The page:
Height: 25 to 27 inches
Weight: 65 to 80 pounds
Physical Characteristics: Large breed, athletic dog with plumed tail, feathering on the legs and pendulous ears; long, flat, silky, and a little wavy coat; white coat base with 'Belton' markings that can be flecks or intermingled roan; Belton colors are orange or black (referred to as blue) and can also be tricoloredContinue to 5 of 8 below.
05 of 08
Germany is well-known for its diligent development of skilled hunting dogs, and the German Shorthaired Pointer (GSP) is no exception. Some experts believe them to be the most versatile and capable all-around hunting dog.
It's thought the GSP was landed upon as the result of crosses between English and Spanish pointers and the, now extinct, German Bird Dog. By the late 19th century, the breed had an official studbook and they started being imported to other countries.
The GSP has gone on to become the most popular pointing dog in the United States, and they currently sit within the top ten of the AKCs overall most popular breeds. It's no surprise really given GSPs are so intelligent, eager to please, happy and affectionate. If you own a GSP, you can expect them to have a great love of water, and with their webbed feet, they tend to excel at this activity. The German Wirehaired Pointer is a close relative of the GSP.
Height: 21 to 25 inches
Weight: 45 to 70 pounds
Physical Characteristics: Athletic build, large dog; they have a short, smooth coat, which is solid liver or a combination of liver and white in color
06 of 08
The Spinone Italiano is the second Italian pointing breed, alongside the Bracco Italiano. These dogs hail from the Piedmont region of the country. They got their name from the thorny 'Spino' undergrowth that they often had to negotiate when out hunting.
Their coarse fur and thick skin helped protect them when they were tracking in this type of terrain. However, the breed almost became extinct after the World Wars. Although they're still one of the rarer pointing breeds, their numbers have steadily increased.
Despite being one of the biggest of the pointing breeds, Spinoni appeal to some owners as they can be less busy and more docile than some of their relatives. They aren't always quite as eager to please, though, and can sometimes be stubborn. You might need a little more patience and a few more tasty treats when it comes to training.
Height: 22.5 to 27.5 inches
Weight: 65 to 90 pounds
Physical Characteristics: Muscular, powerful, square-built, large dog; harsh, coarse, dense, flat single coat with a distinct set of bushy eyebrows and beard; come in solid white, white and orange and white with brown markings; markings can be roan or solid colors
07 of 08
The Hungarian Vizsla's origins can be traced to when the ancient Magyar clans roamed the country as far back as the 8th century. These agile dogs had great endurance, making them invaluable hunting partners for the tribesman.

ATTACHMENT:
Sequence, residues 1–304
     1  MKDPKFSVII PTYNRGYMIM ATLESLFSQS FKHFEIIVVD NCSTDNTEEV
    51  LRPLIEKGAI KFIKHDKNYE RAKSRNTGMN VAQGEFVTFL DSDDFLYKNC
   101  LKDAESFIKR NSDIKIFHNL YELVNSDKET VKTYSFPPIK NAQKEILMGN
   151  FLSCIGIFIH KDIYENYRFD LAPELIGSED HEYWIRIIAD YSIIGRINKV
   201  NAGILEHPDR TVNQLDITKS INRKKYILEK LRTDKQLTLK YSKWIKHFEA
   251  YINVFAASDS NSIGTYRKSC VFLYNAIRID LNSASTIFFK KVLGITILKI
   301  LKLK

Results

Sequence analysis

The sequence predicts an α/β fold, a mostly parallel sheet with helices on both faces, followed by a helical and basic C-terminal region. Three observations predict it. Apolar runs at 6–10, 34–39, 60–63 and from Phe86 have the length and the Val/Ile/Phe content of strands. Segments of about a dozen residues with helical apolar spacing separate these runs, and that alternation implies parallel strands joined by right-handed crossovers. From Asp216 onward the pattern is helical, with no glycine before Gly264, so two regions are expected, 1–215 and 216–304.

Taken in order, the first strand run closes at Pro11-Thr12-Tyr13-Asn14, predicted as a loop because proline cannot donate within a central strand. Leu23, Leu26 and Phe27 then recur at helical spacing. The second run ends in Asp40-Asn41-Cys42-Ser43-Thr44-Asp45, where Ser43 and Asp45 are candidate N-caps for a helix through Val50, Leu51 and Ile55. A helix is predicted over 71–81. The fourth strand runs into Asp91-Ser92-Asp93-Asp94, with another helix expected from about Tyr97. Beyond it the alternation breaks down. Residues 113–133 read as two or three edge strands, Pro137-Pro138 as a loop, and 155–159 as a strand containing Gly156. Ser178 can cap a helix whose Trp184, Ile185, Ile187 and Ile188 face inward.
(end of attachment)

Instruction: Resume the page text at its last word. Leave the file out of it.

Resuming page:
Over the centuries, these dogs were gradually refined into the Vizsla that we know today. They were highly prized by the nobleman of the country and known for their speed and versatility.
This is largely attributed to the fact that Vizslas are known for being incredibly big-hearted, always willing and adaptable. Often referred to as 'velcro' dogs, they love being in the company of their humans. It does mean, however, that they can be prone to separation anxiety. There's also the Wirehaired Vizsla, which is considered a separate breed.
Height: 22 to 23 inches
Weight: 45 to 50 pounds
Physical Characteristics: Athletic, muscular and well proportioned large bred with a copper or rust-colored short, smooth, dense coat
08 of 08
The Weimaraner is another German breed that is known for its pointing skills. Unlike a lot of the dogs featured on this list, the breed doesn't have such a long history.
Although they were originally used for hunting big game, the Weimaraner began to gain popularity as an all-round gun dog. They showed a natural aptitude towards pointing and retrieving and became much prized in their homeland, and subsequently, further afield.
These dogs are known for being smart problem solvers. They need lots of enrichment to keep them entertained and prevent them from creating their own amusement around the home. Like many of the dogs on this list, Weimaraners adore being in company. Although they might not be as eager to please as the likes of the Vizsla, who they're often confused with.
Height: 24 to 26 inches
Weight: 70 to 85 pounds
Physical Characteristics: Athletic, robust and streamlined large breed. They have a short, smooth mouse gray or silver-gray coat
If you have a love of the great outdoors, you could have a perfect companion in one of these pointing dog breeds.
None of them, however, will be suited to apartment living with an owner that isn't prepared to give them long daily walks and plenty of additional physical and mental enrichment.